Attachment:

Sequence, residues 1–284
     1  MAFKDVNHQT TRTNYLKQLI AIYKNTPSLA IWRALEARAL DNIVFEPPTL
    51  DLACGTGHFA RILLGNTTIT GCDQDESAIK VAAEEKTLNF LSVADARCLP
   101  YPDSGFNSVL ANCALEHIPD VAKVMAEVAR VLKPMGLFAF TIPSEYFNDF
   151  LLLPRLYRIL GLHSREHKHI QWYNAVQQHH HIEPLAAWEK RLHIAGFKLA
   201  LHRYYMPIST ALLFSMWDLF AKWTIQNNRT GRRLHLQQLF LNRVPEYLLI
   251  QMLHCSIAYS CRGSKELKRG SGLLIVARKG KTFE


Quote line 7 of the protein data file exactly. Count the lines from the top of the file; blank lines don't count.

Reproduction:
   251  QMLHCSIAYS CRGSKELKRG SGLLIVARKG KTFE